I got involved in a discussion on Facebook this week. An author wondered if the SOPA legislation might not be a good idea after all. His point was protection for his copyrighted work. There were many opinions from writers and artists and computer geeks. It proves there’s an issue we must face in the future.
I argued that the Internet is already a place where everything is public, and trying to stop piracy would be futile. Later, I had time to think a little. I didn’t change my opinions, but I felt it would be a good subject for this blog.
Those of you who have read my posts before, know about my misgivings on the subject of e-books and self-publishing, but this discussion might be a little different.
In 1990 I bought a computer that had a modem attached. At that time, the Internet was poised to take over our lives. The World Wide Web hadn’t even started yet. I signed up for an online service called Prodigy and found it fascinating. Soon Prodigy began to tutor us on how to access the World Wide Web.
There was some discussion about policing the Internet, but the big argument was how do you do that, when much of the content originates from other countries. Would we go to war with England over objectionable content?
A few years later, I developed a website devoted to Dutch oven cooking and made several graphic images for the site. The next thing I knew, those images were on other websites. People had captured my images and used them as their own. I didn’t even get a thank you, let alone, credit for creating them.
Yes, I was angry, but then, I realized the nature of a free content Internet. The alternative would be a place where we must use a credit card to gain access to everything. Yes there are dishonest people who will steal all your creations, but if you put it on the Internet . . .
What did you expect?
As writers, photographers, artists, musicians, filmmakers, we love to use the Internet for publicity. We even give enticing freebies away hoping to sell our next piece of work. Then, we’re shocked and demoralized when someone steals part of that work. I’m not saying it isn’t wrong, I’m asking, what did you expect? After all, it is the Internet.
Copyright infringement has been a problem since the beginning of time. Whether we pass more laws to prevent it or not, those of us who create, will always be violated. Recouping from piracy is expensive and time consuming. We could curse the invention of the photocopier, but I think it goes farther back. Artists have always worried about forgery. Other artists would paint a copy of their work and sell it as an original.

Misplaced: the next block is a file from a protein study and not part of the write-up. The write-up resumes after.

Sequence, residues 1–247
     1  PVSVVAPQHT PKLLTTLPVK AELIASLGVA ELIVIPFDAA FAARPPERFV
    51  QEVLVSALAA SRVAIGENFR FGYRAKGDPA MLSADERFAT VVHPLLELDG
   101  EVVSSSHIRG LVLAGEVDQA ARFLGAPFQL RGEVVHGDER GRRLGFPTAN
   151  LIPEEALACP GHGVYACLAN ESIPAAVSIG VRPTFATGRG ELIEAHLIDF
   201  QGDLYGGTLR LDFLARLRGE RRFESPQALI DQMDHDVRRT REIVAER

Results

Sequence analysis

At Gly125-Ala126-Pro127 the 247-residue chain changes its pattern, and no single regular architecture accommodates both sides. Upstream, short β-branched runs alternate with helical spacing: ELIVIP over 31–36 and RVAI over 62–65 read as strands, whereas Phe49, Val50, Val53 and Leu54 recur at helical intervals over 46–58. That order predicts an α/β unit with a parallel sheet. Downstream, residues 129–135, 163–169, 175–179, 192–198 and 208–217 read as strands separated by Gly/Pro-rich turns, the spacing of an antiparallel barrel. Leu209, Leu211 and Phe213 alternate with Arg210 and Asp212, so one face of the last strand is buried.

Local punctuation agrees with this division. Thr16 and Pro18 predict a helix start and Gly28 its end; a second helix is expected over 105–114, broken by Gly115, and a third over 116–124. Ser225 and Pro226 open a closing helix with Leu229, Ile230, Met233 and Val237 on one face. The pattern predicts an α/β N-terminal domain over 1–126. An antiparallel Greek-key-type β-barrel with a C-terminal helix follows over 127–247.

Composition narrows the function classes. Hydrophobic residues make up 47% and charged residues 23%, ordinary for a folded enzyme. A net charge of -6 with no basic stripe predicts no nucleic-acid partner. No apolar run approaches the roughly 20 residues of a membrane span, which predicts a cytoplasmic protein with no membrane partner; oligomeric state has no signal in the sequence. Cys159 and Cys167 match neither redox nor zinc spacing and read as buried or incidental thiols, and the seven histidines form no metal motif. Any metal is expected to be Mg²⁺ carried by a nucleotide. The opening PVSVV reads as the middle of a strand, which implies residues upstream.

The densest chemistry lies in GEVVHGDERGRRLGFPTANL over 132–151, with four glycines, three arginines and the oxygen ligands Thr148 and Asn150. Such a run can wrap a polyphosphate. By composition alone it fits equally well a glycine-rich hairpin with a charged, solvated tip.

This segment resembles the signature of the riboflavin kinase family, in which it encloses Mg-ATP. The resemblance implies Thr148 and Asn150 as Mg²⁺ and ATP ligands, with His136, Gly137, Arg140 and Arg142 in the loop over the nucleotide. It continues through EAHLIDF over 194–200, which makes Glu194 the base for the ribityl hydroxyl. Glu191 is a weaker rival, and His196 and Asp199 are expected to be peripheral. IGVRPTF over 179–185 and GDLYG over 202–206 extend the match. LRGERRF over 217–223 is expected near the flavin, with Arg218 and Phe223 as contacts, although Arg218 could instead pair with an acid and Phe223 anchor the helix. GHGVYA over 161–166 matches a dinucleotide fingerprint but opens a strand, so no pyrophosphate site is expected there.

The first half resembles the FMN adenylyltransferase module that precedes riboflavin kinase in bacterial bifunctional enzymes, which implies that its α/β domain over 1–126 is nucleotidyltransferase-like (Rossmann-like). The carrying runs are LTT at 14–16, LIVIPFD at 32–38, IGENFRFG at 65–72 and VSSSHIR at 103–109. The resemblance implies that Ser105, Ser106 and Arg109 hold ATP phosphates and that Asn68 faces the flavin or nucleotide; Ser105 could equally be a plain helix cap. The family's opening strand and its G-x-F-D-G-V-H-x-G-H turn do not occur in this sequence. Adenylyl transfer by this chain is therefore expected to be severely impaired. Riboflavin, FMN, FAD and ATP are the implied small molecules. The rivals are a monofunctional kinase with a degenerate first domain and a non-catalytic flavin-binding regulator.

Should we just chill out, and accept piracy as the norm? NO! But, perhaps changing the face of the Internet isn’t the answer either.
On a related note: I’ve always wondered how so many writers can justify their complaints when they reuse software on a new computer. When you buy a new computer, do you buy new software to go with it? “Why should I do that?” you ask. “I own a copy of Microsoft Office.”
Yes, you probably do, but the license is for your old computer and it clearly states you can’t install it on two different computers. Did you know that? I’ve always objected to software companies charging for outdated versions. Microsoft Office has been upgraded several times since the 97 version. Why does Microsoft charge for 97 at all?
Royalties for writers is a tricky subject. Like the software companies, we want to keep charging the same price for the book we wrote twenty years ago, in fact, we’d like to charge today’s prices. We work hard writing and promoting books. Of course we should be paid.
I hope to someday, live in a perfect society, where creative people get paid at least as much as sports people. A place where we spend more on helping the poor than we spend on getting somebody elected. Until that time, Good luck with your writing---see you next week.